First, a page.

Security researchers are reporting emails soliciting company insiders to install the Demon (Black Kingdom) ransomware on their organizations’ networks.
Nigerian Threat Actor Behind the Campaign
According to a report by Abnormal Security, a Nigerian threat actor is trying to recruit an organization’s employees to deploy the Black Kingdom ransomware for a cut of the ransom profits.
“On August 12, 2021, we identified and blocked a number of emails sent to Abnormal Security customers soliciting them to become accomplices in an insider threat scheme. The goal was for them to infect their companies’ networks with ransomware. These emails allege to come from someone with ties to the DemonWare ransomware group,” the researchers said in a recent report.
The Demon ransomware, also known as DemonWare and Black Kingdom ransomware has been around for several years, the researchers added. Earlier this year, the ransomware was deployed in attacks involving CVE-2021-27065, one of the four zero-days in Microsoft Exchange Server announced in March.
In the ransomware’s latest campaign, the threat actor is encouraging the employee to deploy the threat on a company computer or Windows server. In exchange for that, the employee would receive $1 million in Bitcoin, or 40% of the $2.5 million ransom.
“The employee is told they can launch the ransomware physically or remotely. The sender provided two methods to contact them if the employee is interested—an Outlook email account and a Telegram username,” Abnormal Security discovered.
Researchers from Abnormal Security did just that to find out more about the threat actor and the campaign. They sent a message back indicating that they had viewed the email and asked what they needed to do to help, they reported.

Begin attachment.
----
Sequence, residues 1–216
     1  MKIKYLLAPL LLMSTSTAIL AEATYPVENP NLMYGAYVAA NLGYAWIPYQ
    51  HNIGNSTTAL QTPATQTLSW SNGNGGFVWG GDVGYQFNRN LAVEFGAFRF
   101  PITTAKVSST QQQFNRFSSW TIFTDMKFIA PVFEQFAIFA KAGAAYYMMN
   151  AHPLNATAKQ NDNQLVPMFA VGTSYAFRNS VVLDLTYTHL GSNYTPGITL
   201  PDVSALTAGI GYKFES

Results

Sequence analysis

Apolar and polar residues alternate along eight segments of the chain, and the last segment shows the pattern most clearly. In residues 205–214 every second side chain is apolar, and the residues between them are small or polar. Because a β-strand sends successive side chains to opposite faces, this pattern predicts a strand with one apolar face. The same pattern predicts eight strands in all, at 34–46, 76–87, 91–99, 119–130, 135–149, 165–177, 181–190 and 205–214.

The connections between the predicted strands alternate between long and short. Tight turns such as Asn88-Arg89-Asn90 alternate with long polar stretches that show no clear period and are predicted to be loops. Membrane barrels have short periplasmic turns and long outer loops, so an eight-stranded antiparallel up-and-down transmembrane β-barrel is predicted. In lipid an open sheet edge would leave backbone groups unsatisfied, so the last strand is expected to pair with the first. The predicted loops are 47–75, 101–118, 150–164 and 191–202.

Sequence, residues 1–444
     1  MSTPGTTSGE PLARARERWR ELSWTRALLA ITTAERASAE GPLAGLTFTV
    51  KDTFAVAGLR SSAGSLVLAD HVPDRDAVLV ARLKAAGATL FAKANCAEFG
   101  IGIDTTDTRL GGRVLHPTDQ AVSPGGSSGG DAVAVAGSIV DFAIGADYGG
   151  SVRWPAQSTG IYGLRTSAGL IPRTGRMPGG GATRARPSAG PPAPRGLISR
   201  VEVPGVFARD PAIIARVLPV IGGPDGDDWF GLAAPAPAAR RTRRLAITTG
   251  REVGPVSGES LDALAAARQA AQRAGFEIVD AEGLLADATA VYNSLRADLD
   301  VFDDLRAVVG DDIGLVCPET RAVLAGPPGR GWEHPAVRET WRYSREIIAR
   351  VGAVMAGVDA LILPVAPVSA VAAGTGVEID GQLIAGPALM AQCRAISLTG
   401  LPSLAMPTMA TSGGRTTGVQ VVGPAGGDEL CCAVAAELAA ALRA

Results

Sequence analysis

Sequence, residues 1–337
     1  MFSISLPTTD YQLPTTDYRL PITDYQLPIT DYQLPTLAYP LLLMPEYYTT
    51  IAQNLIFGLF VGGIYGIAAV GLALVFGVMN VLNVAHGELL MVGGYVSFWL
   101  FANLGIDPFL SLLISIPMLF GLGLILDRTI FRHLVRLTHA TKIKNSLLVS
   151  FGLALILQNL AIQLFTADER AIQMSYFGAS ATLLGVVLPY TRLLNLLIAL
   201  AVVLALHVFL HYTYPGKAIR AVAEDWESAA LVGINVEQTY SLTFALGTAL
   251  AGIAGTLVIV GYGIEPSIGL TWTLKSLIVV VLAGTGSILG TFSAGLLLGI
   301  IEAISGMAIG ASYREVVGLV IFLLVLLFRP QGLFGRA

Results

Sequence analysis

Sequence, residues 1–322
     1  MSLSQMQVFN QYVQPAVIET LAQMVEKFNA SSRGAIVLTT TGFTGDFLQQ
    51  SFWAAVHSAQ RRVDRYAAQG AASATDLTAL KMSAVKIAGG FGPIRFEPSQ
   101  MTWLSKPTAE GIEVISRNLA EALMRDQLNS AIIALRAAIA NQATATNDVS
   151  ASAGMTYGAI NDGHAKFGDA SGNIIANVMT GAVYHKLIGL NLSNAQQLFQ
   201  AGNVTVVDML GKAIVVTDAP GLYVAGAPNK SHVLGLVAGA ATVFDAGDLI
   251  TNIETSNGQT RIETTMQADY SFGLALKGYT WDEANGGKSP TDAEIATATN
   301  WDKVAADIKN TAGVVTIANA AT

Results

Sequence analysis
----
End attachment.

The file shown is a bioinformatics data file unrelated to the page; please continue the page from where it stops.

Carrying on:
“A half hour later, the actor responded and reiterated what was included in the initial email, followed by a question about whether we’d be able to access our fake company’s Windows server,” researchers wrote. “Of course, our fictitious persona would have access to the server, so we responded that we could and asked how the actor would send the ransomware to us.”
Researchers continued to communicate over five days with the threat actors as if they were willing to be a part of the scam. “Because we were able to engage with him, we were better able to understand his motivations and tactics,” they wrote in the report.
To test the ransomware operators, the researchers created a fictious person that got in touch with the criminals. The threat actor sent the researchers two links for an executable file via file-sharing sites WeTransfer and Mega.nz. An analysis confirmed that the file was indeed ransomware.
“Throughout the conversation, the actor repeatedly tried to alleviate any hesitations we may have had by ensuring us that we wouldn’t get caught, since the ransomware would encrypt everything on the system. According to the actor, this would include any CCTV (closed-circuit television) files that may be stored on the server,” the report revealed.
“Threat intelligence like this helps us better understand the bigger picture with additional context—something we’re unable to do by only examining traditional indicators of compromise and raw data,” the team concluded.